The Evolution of Korean Industrial and Employment Relations explores current employment and workplace relations practice in South Korea, tracing their origins to key historical events and inevitable cultural adaptation in one of Asia's `miraculous' democracies. This volume challenges common but dated misconceptions of Korean industrial relations fixated on an economically successful but politically turbulent past. As Korea's employment relations continue to evolve, the accommodations made by companies and labor provide powerful insights for leaders in developing economies worldwide striving for prosperity, stability, and democratization. This book focuses on current realities both social and economic to uncover the potent challenges facing employers and workers in a slow-growth era of union decline. Lee and Kaufman provide a wide-ranging and global perspective authored by established and up-and-coming scholars both in and outside Korea in fields such as labor law, sociology, industrial relations, and labor economics. Up-to-date evaluation, data and analysis provide a modern and innovative perspective on employment and industrial relations practice. Scholars of global and specifically Asian industrial relations, human resource management and modern comparative labor relations will find this book of value. Policy makers and CEOs in emerging economics will benefit from the modern and innovative perspective on employment and industrial relations practice, including CEOs managing workplaces in South Korea.
As the "world's factory" China exerts an enormous pressure on workers around the world. Many nations have had to adjust to a new global political and economic reality, and so has China. Its workers and its official trade union federation have had to contend with rapid changes in industrial relations. Anita Chan argues that Chinese labor is too often viewed from a prism of exceptionalism and too rarely examined comparatively, even though valuable insights can be derived by analyzing China's workforce and labor relations side by side with the systems of other nations.The contributors to Chinese Workers in Comparative Perspective compare labor issues in China with those in the United States, Australia, Japan, India, Pakistan, Germany, Russia, Vietnam, and Taiwan. They also draw contrasts among different types of workplaces within China. The chapters address labor regimes and standards, describe efforts to reshape industrial relations to improve the circumstances of workers, and compare historical and structural developments in China and other industrial relations systems. Contributors: Frederick Scott Bentley, Rutgers, The State University of New Jersey; Florian Butollo, Friedrich-Schiller University, Germany; Anita Chan, University of Technology, Sydney, and Australian National University; Chris King-chi Chan, City University of Hong Kong; Yu-bin Chiu, National Pingtung University of Education, Taiwan; Sean Cooney, University of Melbourne; Mary Huong Thi Evans, Rutgers, The State University of New Jersey; Navjote Khara, Niagara College; Kevin Lin, University of Technology, Sydney; Mingwei Liu, Rutgers, The State University of New Jersey; Peter Lund-Thomsen, Copenhagen Business School and Nottingham Business School; Boy Luthje, Institute of Social Research, Frankfurt, Germany and Sun Yat-Sen University, China, and the East-West Center, Honolulu; Khalid Nadvi, University of Manchester; Thomas Nice, Australian Indigenous Mentoring Experience; Tim Pringle, SOAS, University of London; Katie Quan, University of California-Berkeley and Sun Yat-Sen University, China; Susan J. Schurman, Rutgers, The State University of New Jersey; Kaxton Siu, Chinese University of Hong Kong; Hong Xue, East China Normal University, Shanghai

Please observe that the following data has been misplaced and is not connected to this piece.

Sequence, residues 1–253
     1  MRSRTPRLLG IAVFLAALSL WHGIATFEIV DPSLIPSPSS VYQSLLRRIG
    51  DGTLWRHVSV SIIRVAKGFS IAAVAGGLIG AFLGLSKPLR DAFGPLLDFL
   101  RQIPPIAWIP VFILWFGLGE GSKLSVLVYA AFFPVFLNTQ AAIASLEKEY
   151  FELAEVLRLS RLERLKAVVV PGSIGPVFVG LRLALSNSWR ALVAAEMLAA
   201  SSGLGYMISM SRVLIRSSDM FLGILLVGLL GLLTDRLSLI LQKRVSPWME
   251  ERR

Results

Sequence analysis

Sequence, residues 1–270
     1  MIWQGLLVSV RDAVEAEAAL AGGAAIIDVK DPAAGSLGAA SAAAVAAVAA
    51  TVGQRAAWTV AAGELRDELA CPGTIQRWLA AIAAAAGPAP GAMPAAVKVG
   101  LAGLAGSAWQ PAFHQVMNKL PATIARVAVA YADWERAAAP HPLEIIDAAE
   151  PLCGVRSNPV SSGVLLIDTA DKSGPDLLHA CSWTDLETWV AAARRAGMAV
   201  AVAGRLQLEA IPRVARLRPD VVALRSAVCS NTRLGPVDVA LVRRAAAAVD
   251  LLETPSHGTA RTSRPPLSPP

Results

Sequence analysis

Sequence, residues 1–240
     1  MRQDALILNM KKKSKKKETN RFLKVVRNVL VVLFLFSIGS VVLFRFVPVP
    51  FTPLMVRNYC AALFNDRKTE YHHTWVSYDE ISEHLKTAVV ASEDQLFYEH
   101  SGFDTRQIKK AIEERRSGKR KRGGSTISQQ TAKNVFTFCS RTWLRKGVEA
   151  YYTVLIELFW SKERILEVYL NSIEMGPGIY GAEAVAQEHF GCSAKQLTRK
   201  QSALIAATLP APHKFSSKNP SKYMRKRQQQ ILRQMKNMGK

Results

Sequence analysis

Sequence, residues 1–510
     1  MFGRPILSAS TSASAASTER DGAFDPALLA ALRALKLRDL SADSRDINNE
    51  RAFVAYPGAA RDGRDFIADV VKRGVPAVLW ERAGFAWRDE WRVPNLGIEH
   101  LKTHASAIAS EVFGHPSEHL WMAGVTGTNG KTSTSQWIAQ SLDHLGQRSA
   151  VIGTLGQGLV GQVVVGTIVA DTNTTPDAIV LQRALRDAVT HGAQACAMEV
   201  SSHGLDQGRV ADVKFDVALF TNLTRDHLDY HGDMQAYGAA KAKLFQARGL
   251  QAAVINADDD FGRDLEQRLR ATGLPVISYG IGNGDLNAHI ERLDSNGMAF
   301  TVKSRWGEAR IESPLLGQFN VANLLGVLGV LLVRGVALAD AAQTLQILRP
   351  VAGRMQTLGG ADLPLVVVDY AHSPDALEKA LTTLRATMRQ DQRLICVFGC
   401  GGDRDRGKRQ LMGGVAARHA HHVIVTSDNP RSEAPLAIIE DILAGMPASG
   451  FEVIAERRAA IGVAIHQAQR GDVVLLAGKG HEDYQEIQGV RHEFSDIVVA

Twenty years after its initial publication, Annelise Orleck's Common Sense and a Little Fire continues to resonate with its harrowing story of activism, labor, and women's history. Orleck traces the personal and public lives of four immigrant women activists who left a lasting imprint on American politics. Though they have rarely made more than cameo appearances in previous histories, Rose Schneiderman, Fannia Cohn, Clara Lemlich Shavelson, and Pauline Newman played important roles in the emergence of organized labor, the New Deal welfare state, adult education, and the modern women's movement. Orleck takes her four subjects from turbulent, turn-of-the-century Eastern Europe to the radical ferment of New York's Lower East Side and the gaslit tenements where young workers studied together. Orleck paints a compelling picture of housewives' food and rent protests, of grim conditions in the garment shops, of factory-floor friendships that laid the basis for a mass uprising of young women garment workers, and of the impassioned rallies working women organized for suffrage. Featuring a new preface by the author, this new edition reasserts itself as a pivotal text in twentieth-century labor history.
In the neoliberal world, rising individualism has frequently been linked to rising inequality. Drawing on social theory, philosophy, history, institutional research and a wealth of contemporary empirical data, this innovative book analyses the tangled relationship between individualism and inequality and explores the possibilities of rediscovering individualism's revolutionary potential. Ralph Fevre demonstrates that a belief in individual self-determination powered the development of human rights and inspired social movements from anti-slavery to socialism, feminism and anti-racism. At the same time, every attempt to embed individualism in systems of education and employment has eventually led to increased social inequality. The book discusses influential thinkers, from Adam Smith to Herbert Spencer and John Dewey, as well as the persistence of discrimination despite equality laws, management and the transformation of individualism, individualism in work and mental illness, work insecurity and intensification. This multi-disciplinary book will be essential reading for students and scholars of sociology, economics, philosophy, political science, management science and public policy studies, among other subjects. It will also be of use to policymakers and those who want to know how the culture and politics of the neoliberal world are unfolding.